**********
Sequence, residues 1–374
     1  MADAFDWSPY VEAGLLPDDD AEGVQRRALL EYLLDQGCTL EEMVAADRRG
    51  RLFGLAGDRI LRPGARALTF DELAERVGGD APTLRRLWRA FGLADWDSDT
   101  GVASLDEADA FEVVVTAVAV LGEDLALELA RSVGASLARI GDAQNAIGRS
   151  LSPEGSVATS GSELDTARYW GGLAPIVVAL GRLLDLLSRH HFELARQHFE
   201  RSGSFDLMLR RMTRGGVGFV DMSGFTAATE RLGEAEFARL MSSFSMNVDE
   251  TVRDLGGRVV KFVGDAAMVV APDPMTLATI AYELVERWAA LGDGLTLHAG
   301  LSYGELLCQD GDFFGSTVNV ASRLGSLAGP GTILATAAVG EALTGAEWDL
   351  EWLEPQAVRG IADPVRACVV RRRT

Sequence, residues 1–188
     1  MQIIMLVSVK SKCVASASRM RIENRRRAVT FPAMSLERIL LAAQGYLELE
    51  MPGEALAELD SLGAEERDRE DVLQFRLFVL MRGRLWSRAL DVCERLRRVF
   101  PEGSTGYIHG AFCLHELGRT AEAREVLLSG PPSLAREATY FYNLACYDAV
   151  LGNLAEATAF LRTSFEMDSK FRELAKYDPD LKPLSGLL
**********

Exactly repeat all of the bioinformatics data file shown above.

Sequence, residues 1–374
     1  MADAFDWSPY VEAGLLPDDD AEGVQRRALL EYLLDQGCTL EEMVAADRRG
    51  RLFGLAGDRI LRPGARALTF DELAERVGGD APTLRRLWRA FGLADWDSDT
   101  GVASLDEADA FEVVVTAVAV LGEDLALELA RSVGASLARI GDAQNAIGRS
   151  LSPEGSVATS GSELDTARYW GGLAPIVVAL GRLLDLLSRH HFELARQHFE
   201  RSGSFDLMLR RMTRGGVGFV DMSGFTAATE RLGEAEFARL MSSFSMNVDE
   251  TVRDLGGRVV KFVGDAAMVV APDPMTLATI AYELVERWAA LGDGLTLHAG
   301  LSYGELLCQD GDFFGSTVNV ASRLGSLAGP GTILATAAVG EALTGAEWDL
   351  EWLEPQAVRG IADPVRACVV RRRT

Sequence, residues 1–188
     1  MQIIMLVSVK SKCVASASRM RIENRRRAVT FPAMSLERIL LAAQGYLELE
    51  MPGEALAELD SLGAEERDRE DVLQFRLFVL MRGRLWSRAL DVCERLRRVF
   101  PEGSTGYIHG AFCLHELGRT AEAREVLLSG PPSLAREATY FYNLACYDAV
   151  LGNLAEATAF LRTSFEMDSK FRELAKYDPD LKPLSGLL